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The search for peace: Somali-led peace processes from 1991 to 2007

April 30, 2009
Est. Reading: 2 minutes

An alternative history of the Somali Region (in the latest volume of the new EU Crisis Response)

While the Somali region is commonly sensationalized as the ultimate ‘failed state’ and, more recently, the lawless haven of pirates, recent analysis of the peace dynamics within and between Somali communities’ reveals a different history.

Interpeace/Dr Pat Johnson,  "The search for peace: Lessons from Somali-led peace processes 1991-2007" in “Making the difference? What works in response to crises and security threats – the debate continues”, European Commission Directorate-General for External Relations, Editor: Andrea Ricci, 2009, pp. 257-262.

Over 90 local peace meetings have taken place since the collapse of the state in 1991 in South-Central Somalia alone, many of which have provided the basis for local stability, peace, and development. In Somaliland and Puntland, extended local and regional reconciliation processes enabled the establishment of relatively peaceful and stable politics.

These locally owned initiatives among Somali communities demonstrate both a demand for security and law and order. They also show a capacity among Somali communities, in the absence of a state, to control and manage violent conflict through negotiated consensus-based approaches. These are reflected in commitments to joint responsibility and management of ceasefires and security. In these respects, Somali-led peace processes manifest a degree of sophistication, coherent attention, and pragmatism that has not yet been evident in internationally sponsored efforts in the Somali context.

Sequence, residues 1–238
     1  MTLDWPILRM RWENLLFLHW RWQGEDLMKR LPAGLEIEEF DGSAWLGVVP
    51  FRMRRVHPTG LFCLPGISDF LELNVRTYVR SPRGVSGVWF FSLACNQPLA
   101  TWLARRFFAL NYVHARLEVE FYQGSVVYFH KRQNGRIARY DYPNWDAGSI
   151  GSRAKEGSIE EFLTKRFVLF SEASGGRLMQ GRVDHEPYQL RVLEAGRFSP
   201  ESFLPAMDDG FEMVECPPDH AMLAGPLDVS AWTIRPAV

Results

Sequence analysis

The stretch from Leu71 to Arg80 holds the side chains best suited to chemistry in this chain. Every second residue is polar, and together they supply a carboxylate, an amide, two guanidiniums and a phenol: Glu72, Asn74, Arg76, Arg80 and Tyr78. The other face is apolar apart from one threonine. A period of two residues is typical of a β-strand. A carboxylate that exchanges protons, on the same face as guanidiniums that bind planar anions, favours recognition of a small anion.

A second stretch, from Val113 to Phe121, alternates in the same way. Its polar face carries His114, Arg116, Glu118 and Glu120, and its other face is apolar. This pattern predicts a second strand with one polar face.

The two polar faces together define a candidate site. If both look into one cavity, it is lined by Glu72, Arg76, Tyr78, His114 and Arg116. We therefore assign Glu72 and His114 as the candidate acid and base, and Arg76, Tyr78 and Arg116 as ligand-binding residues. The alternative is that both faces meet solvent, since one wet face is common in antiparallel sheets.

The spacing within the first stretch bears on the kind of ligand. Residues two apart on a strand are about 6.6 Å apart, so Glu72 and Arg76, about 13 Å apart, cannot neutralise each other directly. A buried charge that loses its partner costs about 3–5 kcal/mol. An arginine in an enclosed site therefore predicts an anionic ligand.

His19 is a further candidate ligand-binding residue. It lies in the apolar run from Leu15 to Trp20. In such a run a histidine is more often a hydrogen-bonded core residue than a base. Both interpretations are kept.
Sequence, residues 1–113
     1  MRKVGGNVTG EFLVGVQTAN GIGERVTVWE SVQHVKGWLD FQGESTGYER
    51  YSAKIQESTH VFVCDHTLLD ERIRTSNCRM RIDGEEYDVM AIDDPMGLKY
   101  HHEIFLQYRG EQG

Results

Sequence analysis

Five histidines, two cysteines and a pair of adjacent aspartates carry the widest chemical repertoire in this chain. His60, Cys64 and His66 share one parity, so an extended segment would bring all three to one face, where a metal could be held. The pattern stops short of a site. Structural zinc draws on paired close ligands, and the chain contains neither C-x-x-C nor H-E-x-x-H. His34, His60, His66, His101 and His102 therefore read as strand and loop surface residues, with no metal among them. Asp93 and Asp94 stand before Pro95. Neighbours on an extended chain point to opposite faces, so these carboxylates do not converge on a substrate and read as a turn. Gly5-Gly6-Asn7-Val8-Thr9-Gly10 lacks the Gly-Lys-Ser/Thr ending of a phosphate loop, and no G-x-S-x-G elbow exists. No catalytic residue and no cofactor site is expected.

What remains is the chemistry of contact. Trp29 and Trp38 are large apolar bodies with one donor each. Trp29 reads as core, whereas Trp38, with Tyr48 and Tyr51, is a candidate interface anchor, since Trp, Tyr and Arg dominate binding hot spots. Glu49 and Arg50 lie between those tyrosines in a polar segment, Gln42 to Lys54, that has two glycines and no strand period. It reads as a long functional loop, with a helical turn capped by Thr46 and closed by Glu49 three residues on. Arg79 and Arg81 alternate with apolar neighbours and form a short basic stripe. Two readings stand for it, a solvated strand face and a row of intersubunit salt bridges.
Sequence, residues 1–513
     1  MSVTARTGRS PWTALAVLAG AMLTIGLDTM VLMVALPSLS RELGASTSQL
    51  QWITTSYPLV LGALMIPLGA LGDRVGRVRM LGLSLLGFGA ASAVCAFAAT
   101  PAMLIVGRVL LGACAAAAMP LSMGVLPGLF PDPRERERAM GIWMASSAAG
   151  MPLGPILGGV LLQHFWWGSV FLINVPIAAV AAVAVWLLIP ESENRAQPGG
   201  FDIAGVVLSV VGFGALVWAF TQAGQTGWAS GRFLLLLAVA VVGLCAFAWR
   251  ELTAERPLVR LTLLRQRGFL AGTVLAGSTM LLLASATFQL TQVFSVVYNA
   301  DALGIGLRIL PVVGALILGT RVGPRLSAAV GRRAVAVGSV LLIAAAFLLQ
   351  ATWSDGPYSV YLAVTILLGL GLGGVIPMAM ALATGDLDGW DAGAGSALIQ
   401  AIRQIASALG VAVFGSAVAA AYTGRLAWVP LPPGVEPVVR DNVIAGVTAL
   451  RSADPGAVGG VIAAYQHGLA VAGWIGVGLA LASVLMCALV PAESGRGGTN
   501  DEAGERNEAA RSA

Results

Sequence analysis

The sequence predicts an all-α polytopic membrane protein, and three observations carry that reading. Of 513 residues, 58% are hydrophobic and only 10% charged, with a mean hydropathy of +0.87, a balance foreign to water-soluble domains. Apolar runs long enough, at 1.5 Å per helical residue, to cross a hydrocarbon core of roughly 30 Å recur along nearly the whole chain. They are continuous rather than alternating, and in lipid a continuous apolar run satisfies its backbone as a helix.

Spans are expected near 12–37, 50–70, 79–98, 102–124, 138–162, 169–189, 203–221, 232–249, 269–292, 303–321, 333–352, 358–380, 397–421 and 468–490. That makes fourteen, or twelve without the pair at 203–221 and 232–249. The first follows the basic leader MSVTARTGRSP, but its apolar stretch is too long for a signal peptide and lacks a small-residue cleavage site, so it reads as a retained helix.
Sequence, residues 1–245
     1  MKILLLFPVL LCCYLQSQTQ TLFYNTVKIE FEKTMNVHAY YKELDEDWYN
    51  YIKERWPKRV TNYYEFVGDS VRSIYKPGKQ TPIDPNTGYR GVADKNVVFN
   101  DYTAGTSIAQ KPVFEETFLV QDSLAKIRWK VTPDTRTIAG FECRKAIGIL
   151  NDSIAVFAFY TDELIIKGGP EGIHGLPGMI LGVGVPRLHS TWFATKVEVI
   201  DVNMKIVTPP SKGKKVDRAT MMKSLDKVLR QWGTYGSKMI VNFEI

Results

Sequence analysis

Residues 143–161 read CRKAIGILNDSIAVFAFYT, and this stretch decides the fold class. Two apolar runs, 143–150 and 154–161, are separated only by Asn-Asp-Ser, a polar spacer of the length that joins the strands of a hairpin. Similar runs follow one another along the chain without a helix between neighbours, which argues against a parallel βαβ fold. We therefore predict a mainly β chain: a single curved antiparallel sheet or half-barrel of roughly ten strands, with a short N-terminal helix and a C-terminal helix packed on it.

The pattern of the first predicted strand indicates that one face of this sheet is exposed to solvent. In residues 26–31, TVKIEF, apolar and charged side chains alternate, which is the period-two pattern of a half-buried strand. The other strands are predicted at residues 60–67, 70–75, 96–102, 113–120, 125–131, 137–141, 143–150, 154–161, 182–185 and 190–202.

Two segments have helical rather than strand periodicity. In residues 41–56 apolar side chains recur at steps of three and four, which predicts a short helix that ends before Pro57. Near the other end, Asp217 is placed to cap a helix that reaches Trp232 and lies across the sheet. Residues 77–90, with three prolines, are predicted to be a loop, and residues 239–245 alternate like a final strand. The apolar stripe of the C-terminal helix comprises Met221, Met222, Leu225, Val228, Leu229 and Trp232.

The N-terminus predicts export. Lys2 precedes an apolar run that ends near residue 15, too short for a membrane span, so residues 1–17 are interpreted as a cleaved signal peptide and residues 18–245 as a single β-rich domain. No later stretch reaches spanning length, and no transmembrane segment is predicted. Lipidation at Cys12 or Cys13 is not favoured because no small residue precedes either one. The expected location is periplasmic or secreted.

Click here (PDF) for the full article by Dr Pat Johnson, Senior Programme Officer with the Interpeace Programme in the Somali Region. It is  based on the Peace Mapping study of the Somali Region: conceived and developed by Mark Bradbury and Interpeace, with participatory action research undertaken by Interpeace’s partner institutions, supported by Abdirahman Raghe of Interpeace, with additional inputs from Professor Ken Menkhaus and other experts.

Read the 5 volumes of the Peace Mapping Study developed in the Somali Region here.